This is a movie that looks and feels as if it takes place in both the future and the past. It’s even replete with a strange and somewhat-out-of-place sci-fi interlude/subplot.The beauty of the aesthetic though, is that nothing is visually consistent about it. 

12. Scott Pilgrim vs. the World
This is just a fun movie in every way. The colors really stand out and take a forefront in this comic-book adapted tale, but in the best way possible. Scott’s love-interest, Ramona Flowers, changes her hair color throughout the film – the hues of her head, as well as of the characters’ clothing, and later on – weapons, are vivid and delightful to look at, and the video game animations that pop up throughout are hilarious and clever. The bright and almost-primary colors of Scott Pilgrim are very important to its story, and also help it achieve its comic-inspired feel.

11. Her
Most future-set movies depict a drabby, grey, dump of a world that humans have left in their wake. If you’re looking for a more optimistic vision of how the world might look in the future, consider Her – instead of Children of Men or WALL-E. Not only is everything pristine and clean in the world of Spike Jonze’s latest, but there are also a lot of red.
Apparently, everyone will become very attracted to the color red in the next few decades. Luckily though, Hoyte Van Hoytema shoots these rouge hues beautifully, and creates images both haunting and hypnotic. Her not only proved that Spike Jonze can work without a Charlie Kauffman script, but also that he can be a wonderful visual director.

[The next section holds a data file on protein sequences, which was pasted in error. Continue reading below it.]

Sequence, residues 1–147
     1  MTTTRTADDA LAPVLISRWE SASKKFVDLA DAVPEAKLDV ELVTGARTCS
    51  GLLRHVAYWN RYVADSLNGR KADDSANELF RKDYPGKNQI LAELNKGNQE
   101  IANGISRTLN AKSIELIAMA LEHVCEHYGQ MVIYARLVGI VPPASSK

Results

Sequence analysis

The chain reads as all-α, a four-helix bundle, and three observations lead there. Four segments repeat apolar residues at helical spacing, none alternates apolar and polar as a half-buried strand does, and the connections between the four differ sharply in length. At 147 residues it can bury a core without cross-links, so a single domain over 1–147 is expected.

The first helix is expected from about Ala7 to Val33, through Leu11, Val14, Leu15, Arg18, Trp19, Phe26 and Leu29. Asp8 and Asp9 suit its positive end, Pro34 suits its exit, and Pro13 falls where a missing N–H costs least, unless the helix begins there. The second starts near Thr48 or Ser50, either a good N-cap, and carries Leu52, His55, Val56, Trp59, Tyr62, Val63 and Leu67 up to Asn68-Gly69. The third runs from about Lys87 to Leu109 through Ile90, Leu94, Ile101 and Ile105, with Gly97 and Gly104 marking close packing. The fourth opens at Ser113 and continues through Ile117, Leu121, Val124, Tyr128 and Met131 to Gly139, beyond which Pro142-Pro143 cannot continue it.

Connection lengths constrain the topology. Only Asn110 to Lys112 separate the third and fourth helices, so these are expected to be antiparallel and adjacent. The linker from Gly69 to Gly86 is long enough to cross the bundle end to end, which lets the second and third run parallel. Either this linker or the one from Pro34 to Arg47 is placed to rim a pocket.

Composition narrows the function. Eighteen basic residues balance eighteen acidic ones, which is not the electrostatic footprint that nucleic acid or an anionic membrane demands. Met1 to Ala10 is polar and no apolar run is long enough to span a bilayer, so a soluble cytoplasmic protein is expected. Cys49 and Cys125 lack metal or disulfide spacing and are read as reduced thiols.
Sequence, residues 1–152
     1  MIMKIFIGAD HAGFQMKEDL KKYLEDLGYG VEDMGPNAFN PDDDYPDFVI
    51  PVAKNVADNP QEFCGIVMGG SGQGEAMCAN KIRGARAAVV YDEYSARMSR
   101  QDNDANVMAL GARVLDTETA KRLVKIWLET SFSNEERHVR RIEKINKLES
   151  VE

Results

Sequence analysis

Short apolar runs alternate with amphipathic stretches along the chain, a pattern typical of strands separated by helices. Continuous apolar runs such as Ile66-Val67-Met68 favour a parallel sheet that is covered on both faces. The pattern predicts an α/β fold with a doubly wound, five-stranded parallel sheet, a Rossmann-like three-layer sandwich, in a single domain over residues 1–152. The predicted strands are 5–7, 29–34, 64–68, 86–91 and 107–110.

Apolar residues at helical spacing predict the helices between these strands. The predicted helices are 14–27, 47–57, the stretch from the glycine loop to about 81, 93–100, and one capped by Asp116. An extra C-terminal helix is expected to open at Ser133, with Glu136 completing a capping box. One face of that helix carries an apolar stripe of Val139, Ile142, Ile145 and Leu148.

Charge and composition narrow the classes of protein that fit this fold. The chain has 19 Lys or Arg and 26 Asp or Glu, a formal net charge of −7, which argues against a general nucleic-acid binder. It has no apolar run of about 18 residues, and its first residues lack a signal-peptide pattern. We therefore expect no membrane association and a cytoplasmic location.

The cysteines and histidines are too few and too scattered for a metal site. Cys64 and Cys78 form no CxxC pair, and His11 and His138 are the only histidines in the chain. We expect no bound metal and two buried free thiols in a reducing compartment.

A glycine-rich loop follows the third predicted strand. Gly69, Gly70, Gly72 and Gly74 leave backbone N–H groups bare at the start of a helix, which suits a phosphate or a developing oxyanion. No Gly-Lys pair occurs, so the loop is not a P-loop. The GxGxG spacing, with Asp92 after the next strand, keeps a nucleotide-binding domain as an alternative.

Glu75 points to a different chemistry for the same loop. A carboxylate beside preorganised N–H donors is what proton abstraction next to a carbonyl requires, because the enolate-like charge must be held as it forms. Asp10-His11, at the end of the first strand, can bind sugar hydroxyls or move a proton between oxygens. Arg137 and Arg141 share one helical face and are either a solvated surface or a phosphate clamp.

10. O Brother Where Art Thou?
Usually when you think of a beautiful color palate, bight, vivid colors come to mind. However, as demonstrated with the Coen brothers’ O Brother Where Art Thou?, a sepia-tinted Southern landscape can be just as visually rewarding. Roger Deakins is one of the most artful cinematographers working today, and O Brother is one his most successful collaborations with the Coen’s – who seem to be the directorial bread to his cinematographical butter.
The landscape shots are gorgeous, and what this film’s aesthetic captures best is the time period of the 30’s – wonderfully evoking the era with the precise production design and props, but also the colors.

9. The Dreamers
Bernardo Bertolucci is certainly a director of colors, and no better example of his pigmental-mastery than his 2003 sexual drama The Dreamers. The Dreamers is more of a motion painting than a motion picture. In part a valentine to Paris, this film captures the city so exquisitely, and so passionately.
What’s even more impressive though is how the camera almost seems to capture the emotion of love – with the striking shades of red, and the startling and unflinching images of an American’s sexual discoveries and awakenings in the city of love.

8. Volver